If you are in financial distress and thinking about filing for bankruptcy, one concern you might have is whether you will be allowed to file. Because let’s face it, if you cannot pay all of your bills you want to be sure that you have a solution, and if bankruptcy is not an option you will have to keep looking. So it becomes extremely important to know whether your request to file a case will be granted, or if the Court can block you from filing.
It is uncommon to be denied the right to file bankruptcy, but it can happen. The most common way to get a case dismissed is by having a prior filing too close in time to your current filing. Here are the rules on how often you can file for the protection of bankruptcy:
• You can file a subsequent Chapter 7 case only if 8 years from a prior Chapter 7 case has passed.
• You can file a new Chapter 13 case two years after the date you filed a prior Chapter 13.
• You have to wait four years between a Chapter 7 discharge and the initiation of a Chapter 13 case.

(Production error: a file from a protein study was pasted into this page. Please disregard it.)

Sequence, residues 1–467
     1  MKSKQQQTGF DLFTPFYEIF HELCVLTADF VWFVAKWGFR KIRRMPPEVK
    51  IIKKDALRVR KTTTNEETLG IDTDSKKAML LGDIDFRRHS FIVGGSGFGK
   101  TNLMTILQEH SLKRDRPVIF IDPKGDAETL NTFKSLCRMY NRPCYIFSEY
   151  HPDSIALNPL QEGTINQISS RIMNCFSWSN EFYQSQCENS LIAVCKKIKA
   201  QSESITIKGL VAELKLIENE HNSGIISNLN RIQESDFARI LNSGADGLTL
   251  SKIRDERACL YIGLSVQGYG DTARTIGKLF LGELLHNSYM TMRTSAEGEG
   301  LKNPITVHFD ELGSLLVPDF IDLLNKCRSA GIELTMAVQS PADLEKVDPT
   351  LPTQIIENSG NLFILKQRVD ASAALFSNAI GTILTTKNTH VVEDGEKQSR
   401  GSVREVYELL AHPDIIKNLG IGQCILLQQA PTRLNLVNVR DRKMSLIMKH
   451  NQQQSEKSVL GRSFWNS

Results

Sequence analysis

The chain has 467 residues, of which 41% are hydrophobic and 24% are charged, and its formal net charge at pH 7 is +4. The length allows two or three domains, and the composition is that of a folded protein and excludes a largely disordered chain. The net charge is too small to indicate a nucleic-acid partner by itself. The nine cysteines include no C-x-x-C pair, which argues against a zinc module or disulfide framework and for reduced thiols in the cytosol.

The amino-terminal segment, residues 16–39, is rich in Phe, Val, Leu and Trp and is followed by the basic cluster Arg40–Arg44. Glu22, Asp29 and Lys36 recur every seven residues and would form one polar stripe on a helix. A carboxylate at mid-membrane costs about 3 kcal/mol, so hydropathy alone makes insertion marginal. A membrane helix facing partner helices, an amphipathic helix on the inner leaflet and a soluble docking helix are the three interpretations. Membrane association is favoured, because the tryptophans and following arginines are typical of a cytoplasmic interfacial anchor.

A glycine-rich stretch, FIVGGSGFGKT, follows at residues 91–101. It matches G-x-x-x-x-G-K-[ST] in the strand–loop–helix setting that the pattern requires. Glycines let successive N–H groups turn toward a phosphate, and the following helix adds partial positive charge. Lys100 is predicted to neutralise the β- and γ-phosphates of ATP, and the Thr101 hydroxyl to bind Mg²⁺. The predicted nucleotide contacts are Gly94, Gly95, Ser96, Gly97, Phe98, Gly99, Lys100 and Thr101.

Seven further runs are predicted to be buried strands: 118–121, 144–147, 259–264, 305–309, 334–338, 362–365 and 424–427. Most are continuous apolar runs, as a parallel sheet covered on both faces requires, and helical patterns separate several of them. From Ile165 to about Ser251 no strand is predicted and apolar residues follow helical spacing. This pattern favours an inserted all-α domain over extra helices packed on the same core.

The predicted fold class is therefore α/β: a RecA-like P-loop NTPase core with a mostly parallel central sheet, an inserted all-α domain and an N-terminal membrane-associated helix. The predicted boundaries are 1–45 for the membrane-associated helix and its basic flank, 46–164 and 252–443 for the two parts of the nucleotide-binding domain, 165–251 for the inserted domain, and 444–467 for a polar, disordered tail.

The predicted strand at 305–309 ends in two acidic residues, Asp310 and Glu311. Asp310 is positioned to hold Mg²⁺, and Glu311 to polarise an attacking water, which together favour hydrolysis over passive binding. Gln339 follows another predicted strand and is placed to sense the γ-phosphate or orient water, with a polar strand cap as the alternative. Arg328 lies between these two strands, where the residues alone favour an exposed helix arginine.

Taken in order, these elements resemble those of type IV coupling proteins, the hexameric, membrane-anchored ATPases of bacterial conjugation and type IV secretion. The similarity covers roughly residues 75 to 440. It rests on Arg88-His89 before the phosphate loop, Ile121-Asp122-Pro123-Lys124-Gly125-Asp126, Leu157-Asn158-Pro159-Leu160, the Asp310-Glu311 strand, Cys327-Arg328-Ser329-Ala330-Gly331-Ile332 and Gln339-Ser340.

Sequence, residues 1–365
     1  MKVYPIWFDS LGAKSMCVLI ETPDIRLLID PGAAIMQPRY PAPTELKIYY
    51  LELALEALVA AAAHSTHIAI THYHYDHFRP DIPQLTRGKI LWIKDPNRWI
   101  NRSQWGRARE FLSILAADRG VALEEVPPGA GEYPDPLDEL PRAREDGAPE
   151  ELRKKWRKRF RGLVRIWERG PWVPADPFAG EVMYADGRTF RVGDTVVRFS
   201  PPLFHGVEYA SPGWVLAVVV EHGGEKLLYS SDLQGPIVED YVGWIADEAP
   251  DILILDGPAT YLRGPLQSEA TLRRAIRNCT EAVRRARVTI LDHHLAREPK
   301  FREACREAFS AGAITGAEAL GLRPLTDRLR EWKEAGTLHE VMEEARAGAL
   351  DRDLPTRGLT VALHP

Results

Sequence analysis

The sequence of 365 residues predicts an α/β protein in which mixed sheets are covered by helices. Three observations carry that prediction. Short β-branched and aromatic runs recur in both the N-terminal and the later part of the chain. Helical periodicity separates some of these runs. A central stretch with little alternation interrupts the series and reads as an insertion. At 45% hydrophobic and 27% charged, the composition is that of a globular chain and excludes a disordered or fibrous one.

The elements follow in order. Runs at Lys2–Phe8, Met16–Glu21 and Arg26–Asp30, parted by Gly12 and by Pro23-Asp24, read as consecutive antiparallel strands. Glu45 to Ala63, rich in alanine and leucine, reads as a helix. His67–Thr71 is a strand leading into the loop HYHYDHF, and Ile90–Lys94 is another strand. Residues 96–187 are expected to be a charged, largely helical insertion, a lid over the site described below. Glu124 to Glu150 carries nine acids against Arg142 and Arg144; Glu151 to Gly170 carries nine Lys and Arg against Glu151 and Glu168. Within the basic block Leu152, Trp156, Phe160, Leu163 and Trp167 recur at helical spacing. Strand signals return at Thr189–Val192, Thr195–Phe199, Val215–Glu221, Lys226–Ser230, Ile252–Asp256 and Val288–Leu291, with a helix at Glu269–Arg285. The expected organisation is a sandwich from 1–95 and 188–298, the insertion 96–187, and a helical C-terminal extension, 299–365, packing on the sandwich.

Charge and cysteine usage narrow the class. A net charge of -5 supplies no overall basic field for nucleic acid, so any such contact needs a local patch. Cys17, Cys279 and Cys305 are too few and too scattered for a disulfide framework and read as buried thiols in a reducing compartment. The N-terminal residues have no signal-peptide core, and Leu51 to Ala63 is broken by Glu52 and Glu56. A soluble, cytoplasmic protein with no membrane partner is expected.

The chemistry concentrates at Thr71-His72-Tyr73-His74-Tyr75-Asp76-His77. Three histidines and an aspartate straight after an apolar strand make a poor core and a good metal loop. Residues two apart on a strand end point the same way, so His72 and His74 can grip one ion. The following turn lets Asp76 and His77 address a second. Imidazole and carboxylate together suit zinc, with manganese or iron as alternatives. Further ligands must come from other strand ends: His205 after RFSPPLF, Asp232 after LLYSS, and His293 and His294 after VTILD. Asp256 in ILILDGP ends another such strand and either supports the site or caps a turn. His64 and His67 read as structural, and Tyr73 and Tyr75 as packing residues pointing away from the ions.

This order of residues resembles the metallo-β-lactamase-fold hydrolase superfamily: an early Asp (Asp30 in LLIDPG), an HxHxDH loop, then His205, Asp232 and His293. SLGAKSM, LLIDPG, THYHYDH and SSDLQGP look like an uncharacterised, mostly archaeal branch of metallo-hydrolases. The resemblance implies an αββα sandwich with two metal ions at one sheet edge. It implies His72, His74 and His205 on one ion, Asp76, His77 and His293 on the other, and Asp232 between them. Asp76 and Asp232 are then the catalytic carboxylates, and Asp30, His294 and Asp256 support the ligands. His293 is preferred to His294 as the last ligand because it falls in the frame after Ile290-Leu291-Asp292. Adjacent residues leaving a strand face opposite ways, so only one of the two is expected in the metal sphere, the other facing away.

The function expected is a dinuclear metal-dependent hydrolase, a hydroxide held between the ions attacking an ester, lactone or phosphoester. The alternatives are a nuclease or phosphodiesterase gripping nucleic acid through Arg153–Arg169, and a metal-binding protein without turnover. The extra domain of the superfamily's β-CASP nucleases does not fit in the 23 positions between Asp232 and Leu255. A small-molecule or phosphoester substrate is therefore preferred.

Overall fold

• If you want to file a Chapter 7 case after having filed a Chapter 13 case, the wait time in between cases is six years.
The idea behind these timelines is that by making people wait to file subsequent cases, there is a lower chance that the bankruptcy laws will be abused. When the laws were changed in 2005 many creditors complained about the frequency with which some people were filing cases. What this meant for lenders was that they would make loans, have them discharged in bankruptcy, and then lose money a short time later when they made new loans that were included in a new bankruptcy soon after the first case. So when it came time to rewrite the rules, the lenders made their voice heard and lobbied for stricter rules on re-filing. This does not mean that you cannot file more than one case, you just have to be aware of the timing.
For help with your questions about bankruptcy, contact us at www.DsouzaLegalGroup.com. We will help by coming up with solutions that help get you back on your feet.